MGT516- Legal Implications in Human Resources
The impact of laws and regulations that affect various HRM functions are vast. Any regulation developed and made into federal law will have an impact on private sector businesses but for this analysis I will be addressing the details of two regulations and the degree of impact that they have on United States employers. The Immigration Reform and Control Act (IRCA) and the Uniformed Services Employment and Reemployment Rights Act (USERRA) are the two that I will be analyzing for this third case. I have found that that USERRA has such a profound impact on the private sector that it dwarfs the affect that the Immigration and Control Act has on private sector business. I will explain why USERRA has such a profound impact while the IRCA has the least amount of impact. I will conclude this analysis by explaining how two different regulations do seem to have some similarities.
USERRA and the Immigration Reform and Control Act
The Uniformed Services Employment and Reemployment Rights Act of 1994 (USERRA), establishes the rights and responsibilities for uniformed service members and their civilian employers. USERRA is a federal law intended to ensure that persons who serve or have served in the Armed Forces, Reserves, National Guard or other uniformed services: one; are not disadvantaged in their civilian careers because of their service; two; are promptly reemployed in their civilian jobs upon their return from duty; and three; are not discriminated against in employment based on past, present, or future military service. The law is intended to encourage uniformed service so that the United States can enjoy the protection of those services, staffed by qualified people, while maintaining a balance with the needs of private and public employers who also depend on these same individuals.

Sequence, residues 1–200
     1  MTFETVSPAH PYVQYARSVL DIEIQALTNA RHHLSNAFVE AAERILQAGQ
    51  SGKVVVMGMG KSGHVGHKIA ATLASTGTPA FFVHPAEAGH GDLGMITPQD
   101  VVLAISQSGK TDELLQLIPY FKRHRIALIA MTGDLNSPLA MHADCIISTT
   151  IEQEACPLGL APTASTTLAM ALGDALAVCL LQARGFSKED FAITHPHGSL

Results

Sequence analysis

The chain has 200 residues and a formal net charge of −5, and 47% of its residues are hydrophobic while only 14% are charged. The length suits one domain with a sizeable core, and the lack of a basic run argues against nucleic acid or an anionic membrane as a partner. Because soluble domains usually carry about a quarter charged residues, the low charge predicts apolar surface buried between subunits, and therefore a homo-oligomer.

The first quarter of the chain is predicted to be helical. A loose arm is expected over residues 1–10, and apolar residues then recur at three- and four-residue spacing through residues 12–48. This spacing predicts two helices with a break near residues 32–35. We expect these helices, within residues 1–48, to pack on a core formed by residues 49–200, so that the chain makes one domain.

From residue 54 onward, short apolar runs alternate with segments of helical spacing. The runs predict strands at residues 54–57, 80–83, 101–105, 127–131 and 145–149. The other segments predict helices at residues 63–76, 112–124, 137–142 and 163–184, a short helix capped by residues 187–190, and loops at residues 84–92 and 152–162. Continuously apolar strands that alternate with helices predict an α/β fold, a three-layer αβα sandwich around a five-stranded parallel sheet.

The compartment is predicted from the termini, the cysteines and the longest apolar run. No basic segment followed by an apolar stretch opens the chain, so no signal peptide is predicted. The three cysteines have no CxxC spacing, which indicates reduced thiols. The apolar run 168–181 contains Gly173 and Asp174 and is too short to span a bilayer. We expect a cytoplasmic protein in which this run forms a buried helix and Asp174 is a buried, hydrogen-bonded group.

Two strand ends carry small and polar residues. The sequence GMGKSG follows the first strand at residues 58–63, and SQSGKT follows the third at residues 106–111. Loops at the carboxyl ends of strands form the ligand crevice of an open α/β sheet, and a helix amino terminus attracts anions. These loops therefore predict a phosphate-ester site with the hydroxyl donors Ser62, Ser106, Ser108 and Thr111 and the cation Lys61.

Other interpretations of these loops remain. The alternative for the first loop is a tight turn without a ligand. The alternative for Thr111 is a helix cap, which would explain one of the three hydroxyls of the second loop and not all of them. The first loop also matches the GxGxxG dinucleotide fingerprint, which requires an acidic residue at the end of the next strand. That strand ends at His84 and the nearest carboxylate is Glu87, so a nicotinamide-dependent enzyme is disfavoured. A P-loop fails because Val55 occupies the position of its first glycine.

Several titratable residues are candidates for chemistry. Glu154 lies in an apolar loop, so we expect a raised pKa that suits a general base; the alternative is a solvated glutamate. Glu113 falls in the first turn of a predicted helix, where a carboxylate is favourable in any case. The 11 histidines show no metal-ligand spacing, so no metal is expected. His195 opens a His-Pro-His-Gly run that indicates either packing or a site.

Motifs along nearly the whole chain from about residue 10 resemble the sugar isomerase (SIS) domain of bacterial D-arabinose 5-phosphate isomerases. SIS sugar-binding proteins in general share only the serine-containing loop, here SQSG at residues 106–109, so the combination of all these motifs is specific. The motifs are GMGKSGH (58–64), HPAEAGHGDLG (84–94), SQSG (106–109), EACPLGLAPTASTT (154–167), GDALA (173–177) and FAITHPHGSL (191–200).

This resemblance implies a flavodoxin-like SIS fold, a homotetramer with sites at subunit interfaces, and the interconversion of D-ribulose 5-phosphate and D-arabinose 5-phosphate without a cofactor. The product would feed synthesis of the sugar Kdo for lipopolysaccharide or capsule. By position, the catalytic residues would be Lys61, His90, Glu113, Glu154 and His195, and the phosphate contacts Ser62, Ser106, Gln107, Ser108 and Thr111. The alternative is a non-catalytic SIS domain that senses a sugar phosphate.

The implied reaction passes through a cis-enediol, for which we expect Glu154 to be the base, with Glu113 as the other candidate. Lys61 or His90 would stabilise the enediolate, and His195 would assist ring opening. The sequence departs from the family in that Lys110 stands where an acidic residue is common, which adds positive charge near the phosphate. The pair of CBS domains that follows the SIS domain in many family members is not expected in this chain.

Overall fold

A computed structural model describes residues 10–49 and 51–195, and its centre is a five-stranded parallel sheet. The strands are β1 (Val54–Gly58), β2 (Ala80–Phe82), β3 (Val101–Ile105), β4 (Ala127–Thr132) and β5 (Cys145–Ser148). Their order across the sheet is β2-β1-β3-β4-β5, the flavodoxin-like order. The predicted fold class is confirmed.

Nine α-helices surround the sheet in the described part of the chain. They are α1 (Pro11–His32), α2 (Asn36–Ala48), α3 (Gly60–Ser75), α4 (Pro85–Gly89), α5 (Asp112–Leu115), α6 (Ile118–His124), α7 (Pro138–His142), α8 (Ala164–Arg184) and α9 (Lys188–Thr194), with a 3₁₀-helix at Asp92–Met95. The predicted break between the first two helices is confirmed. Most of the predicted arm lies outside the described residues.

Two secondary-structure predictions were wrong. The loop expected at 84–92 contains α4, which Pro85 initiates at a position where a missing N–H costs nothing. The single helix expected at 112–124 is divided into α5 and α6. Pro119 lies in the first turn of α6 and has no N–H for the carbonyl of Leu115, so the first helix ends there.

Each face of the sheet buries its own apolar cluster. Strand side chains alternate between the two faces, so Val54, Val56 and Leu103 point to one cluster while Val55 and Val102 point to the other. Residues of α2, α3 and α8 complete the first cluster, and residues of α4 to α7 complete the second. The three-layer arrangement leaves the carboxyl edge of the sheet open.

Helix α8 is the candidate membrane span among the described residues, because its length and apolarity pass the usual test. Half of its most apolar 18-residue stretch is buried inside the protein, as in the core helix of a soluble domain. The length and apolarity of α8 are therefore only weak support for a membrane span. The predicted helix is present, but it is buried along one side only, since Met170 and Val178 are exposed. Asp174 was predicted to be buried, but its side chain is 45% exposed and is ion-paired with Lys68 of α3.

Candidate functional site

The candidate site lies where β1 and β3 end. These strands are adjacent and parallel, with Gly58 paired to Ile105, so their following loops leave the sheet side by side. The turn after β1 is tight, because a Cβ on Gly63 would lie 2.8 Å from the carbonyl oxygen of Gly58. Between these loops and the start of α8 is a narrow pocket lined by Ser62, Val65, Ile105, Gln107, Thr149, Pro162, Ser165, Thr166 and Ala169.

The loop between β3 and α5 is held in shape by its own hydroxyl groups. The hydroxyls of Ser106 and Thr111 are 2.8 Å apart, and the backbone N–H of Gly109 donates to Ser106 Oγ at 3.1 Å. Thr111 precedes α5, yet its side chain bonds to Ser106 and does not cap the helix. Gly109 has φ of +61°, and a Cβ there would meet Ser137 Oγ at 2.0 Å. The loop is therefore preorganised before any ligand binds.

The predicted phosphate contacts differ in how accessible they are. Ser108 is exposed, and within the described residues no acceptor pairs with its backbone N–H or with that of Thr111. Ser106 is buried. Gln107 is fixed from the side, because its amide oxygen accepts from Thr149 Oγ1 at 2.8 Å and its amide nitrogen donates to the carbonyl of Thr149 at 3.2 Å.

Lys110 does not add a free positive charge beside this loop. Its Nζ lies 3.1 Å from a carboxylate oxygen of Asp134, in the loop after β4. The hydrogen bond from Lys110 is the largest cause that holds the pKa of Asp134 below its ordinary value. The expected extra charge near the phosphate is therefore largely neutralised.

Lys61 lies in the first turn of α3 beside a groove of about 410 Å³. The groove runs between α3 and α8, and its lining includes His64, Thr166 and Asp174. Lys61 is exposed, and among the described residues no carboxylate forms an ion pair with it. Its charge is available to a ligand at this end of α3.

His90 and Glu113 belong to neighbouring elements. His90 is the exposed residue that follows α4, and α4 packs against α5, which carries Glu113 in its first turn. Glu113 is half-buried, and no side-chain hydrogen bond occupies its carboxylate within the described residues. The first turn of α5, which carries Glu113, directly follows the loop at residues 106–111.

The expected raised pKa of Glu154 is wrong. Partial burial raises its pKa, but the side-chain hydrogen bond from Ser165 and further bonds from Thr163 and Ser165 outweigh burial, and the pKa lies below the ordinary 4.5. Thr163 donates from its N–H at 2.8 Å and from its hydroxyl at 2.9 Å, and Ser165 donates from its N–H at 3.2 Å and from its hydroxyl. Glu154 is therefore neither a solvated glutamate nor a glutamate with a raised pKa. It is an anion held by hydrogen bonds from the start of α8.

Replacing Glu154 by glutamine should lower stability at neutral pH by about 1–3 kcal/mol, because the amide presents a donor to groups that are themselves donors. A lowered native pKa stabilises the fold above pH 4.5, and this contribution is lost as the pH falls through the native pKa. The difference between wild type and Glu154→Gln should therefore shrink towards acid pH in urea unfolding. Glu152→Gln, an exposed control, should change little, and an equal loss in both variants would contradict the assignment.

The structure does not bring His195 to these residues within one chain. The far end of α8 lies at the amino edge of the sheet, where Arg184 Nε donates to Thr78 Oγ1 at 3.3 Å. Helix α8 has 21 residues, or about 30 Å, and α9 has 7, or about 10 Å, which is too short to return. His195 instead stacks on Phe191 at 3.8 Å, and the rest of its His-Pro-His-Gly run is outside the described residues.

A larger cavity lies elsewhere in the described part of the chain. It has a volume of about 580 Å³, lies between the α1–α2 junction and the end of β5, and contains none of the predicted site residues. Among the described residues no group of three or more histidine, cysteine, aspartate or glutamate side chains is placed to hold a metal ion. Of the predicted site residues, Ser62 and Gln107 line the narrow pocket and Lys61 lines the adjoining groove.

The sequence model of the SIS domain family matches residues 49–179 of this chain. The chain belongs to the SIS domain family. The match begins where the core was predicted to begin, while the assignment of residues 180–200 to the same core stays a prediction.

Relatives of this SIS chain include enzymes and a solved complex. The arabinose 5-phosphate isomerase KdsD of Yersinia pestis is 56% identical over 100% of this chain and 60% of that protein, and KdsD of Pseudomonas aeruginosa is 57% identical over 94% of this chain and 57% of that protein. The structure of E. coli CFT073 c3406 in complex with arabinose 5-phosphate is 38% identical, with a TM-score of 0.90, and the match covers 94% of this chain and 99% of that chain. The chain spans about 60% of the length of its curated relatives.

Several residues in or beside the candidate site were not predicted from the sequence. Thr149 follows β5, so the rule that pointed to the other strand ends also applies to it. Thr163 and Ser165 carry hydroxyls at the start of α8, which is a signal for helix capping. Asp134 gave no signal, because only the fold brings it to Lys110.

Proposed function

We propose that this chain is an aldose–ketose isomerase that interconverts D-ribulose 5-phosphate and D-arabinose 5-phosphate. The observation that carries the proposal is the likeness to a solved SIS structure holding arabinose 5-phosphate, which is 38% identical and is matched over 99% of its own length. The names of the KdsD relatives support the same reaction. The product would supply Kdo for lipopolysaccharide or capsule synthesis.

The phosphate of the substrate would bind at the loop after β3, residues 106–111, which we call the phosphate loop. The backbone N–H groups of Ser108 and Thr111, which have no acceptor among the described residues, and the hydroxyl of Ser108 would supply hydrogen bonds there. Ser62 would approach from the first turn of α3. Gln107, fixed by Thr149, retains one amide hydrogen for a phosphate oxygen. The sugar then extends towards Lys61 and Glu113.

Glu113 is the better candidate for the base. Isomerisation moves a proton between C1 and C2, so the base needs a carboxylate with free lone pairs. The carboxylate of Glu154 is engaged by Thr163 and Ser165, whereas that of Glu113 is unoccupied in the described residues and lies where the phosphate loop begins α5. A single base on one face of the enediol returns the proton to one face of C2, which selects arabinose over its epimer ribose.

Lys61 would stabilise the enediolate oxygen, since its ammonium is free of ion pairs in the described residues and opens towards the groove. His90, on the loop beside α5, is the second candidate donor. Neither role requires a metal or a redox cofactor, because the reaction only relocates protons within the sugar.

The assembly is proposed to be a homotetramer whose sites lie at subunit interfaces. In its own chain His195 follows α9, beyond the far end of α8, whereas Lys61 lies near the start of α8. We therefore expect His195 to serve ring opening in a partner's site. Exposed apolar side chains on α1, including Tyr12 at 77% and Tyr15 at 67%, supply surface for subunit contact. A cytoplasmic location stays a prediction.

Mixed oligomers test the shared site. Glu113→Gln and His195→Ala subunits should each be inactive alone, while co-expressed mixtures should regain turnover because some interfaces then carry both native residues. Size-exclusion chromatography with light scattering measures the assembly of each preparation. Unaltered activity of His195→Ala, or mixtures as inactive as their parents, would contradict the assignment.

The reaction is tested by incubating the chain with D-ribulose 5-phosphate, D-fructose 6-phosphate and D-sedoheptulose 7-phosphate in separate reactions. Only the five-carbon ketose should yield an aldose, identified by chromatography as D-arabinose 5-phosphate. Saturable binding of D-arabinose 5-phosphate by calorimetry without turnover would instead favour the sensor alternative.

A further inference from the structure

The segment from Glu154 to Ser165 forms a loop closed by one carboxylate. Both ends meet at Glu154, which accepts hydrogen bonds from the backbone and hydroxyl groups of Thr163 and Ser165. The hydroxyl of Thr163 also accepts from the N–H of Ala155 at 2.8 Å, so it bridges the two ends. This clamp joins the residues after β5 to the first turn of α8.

The Immigration Reform and Control Act (IRCA) law passed 1986 in order to control and deter illegal immigration to the United States. Its major provisions stipulate legalization of undocumented aliens who had been continuously unlawfully present since 1982, legalization of certain agricultural workers, and sanctions for employers who knowingly hire undocumented workers, and increased enforcement at U.S. borders.
The more impactful of the two would be USERRA. USEERA protects the job rights of individuals who voluntarily or involuntarily leave employment positions to perform service in the uniformed services.
USERRA affects employment, reemployment and retention in employment, when employees serve in the uniformed services. USERRA also prohibits employers from discriminating against past and present members of the uniformed services, and applicants to the uniformed services. (United States Department of Labor, 2014)
While there are benefits in having a citizen soldier as an employee, employers must be prepared to address these difficult questions along with several others that flow from the USERRA. What I have found, is that unlike other federal laws that only apply if the employer has a certain number of employees, USERRA applies to all employers.
Many employers are unaware that USERRA requires that re-employment of returning service members must be in the same seniority, status, and pay that the employee would have achieved if they had not been called to active duty and remained continuously employed with their employer. Not only must the employer award the returning veteran any pay increases and promotions they would have received, but these must be applied retroactively-effective as of the date they would have been made had the employee not been required to report to active duty.
When employees serve in the military during their employment, the company is required to either hold their jobs open or re-employ them in similar positions when they return from their military duties. Military leaves of absence may